María Blanco is executive director of the University of California Immigrant Legal Services Center. Before taking part in a Zócalo/The California Wellness Foundation event titled “What Can California Teach America About Immigrant Integration?” at Capitol Event Center in Sacramento, she spoke in the green room about what it was like to be a young female lawyer, her parents’ migrant stories, and what she misses about L.A.
What are you reading for pleasure?
I’m reading a book about the discovery of the Mayan ruins in Central America, about the guys who discovered Copal, in Guatemala. One was a draughtsman; he drew all the ruins. It’s kind of an amazing story. I just finished reading, which I thought was fabulous, Mario Vargas Llosa’s novel The Feast of the Goat, about Santo Domingo. And I read detective novels—that’s my candy! I read all the Michael Connelly books, I read all the [John] le Carré books. I just read his latest one.
What do you love most about living in Northern California?
Nature. The nature here is absolutely beautiful. I live in Berkeley and commute three times a week to Davis, to the university there. I love L.A., I lived in L.A. for four years and loved it. But then I came back because of family and friends. I never went to the beach in L.A. I lived on the Eastside. So although I know that there are beautiful parts of L.A., I never really did that in L.A. And in the Bay Area I really take advantage of that. I go to Point Reyes, I go to Napa, I go hiking. I really love the nature up here. But I love the Mexican feel of L.A., and I miss it desperately in the Bay Area. I love that it’s all around you. It’s not just the food, it’s who you talk to, you go here, you go there. I use Spanish all the time in L.A., and I really miss that in Northern California. So I go to L.A. a lot, for work but also just to soak it up.
Apart from your parents, who was the person who most influenced the direction of your work life?
When I started practicing law, after a couple years of a fellowship, I went to a law firm called Equal Rights Advocates in San Francisco that was all women attorneys, and were all doing big class action cases in federal court. And this was in the late ’80s. And there were very few women in federal court and very few women litigators. Even the public interest world was very male, these very assertive—is a nice way to put it—guys. The cause was great, but it was a very male environment. And so to be at this firm that was all women, and we were going up against employment law, and so on the other side were very big national firms, lawyers for big corporations, all men. And when you got there you got started right away, sort of on-the-job training. There was a lot of support but also you had to learn to do 20 things. So that gave me tremendous confidence at a very early stage. Because the team of women lawyers were very supportive of each other. There was zero fear, even though we were going up against huge law firms and companies.
How much harassment was there when you started out?
Well, it was a combination of harassment, but also probably more so condescension, sort of patronizing, being not taken seriously. That was really what we faced all the time.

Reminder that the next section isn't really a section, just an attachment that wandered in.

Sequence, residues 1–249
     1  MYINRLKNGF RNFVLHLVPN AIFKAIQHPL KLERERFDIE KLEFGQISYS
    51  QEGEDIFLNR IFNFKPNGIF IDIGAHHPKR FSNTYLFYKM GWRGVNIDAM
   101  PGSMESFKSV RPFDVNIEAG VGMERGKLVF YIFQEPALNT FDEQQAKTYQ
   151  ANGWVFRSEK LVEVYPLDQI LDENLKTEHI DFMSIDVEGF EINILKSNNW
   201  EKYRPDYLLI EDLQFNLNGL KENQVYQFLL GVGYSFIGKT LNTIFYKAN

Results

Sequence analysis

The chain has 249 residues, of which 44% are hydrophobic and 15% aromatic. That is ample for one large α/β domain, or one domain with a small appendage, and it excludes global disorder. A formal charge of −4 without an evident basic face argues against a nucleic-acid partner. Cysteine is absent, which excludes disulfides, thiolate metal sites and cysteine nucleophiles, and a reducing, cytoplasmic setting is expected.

How did you deal with it personally?
I think I learned early not to show weakness, even if I was being aggressively put down by opposing counsel in a deposition or in court or through discovery or on the phone. And it was very blatant. And part of it was, that’s just the way it is in litigation. And part of it was, there were older men, I was a young woman, and it was intimidation. So I learned not to show it, and then to talk about it afterward with my colleagues and share strategies for how to deal with it. I just got tough! It took a while.
And your parents?
They were a very big influence—politically, in terms of supporting us in our vocation, and what we did. So after that I went to Chicago and lived there for seven years and was very involved in grassroots organizing. And so there I met a lot of organizers. And that was very influential because it was very strategic, and that was before law school. So I learned a lot about strategy and how to assess a political environment, how to figure out who to partner with on issues. A lot of that sort of political strategy thinking I learned from a group of people.
We’re here today to talk about immigration, and most Americans have a family story about their immigrant ancestors. What do you know about yours?
I know a lot. I was born in Mexico City, and we moved here after I was born, but we went to Mexico every summer until I was about 16, and lived with my cousins. So we kept a very close connection to Mexico for a long time. So that was my story. On my parents’ side, my dad ended up in Mexico because his family were refugees from the Spanish Civil War. They were Basque; they left the Basque country, relocated for a couple years in France, and then when France fell to the Nazis they went to Mexico. And my mom, even though she considered herself Mexican and went to school in Mexico, her father was from Venezuela, and had been I think a trade unionist in Venezuela, and had had to leave under one of the dictatorships. So it’s a mix of economic immigration but also political immigration. And there’s no doubt that to some extent it really influenced my interest [in immigration and law]. A lot of the early sexual harassment and rape cases were women janitors. So that started very early, that interest of mine.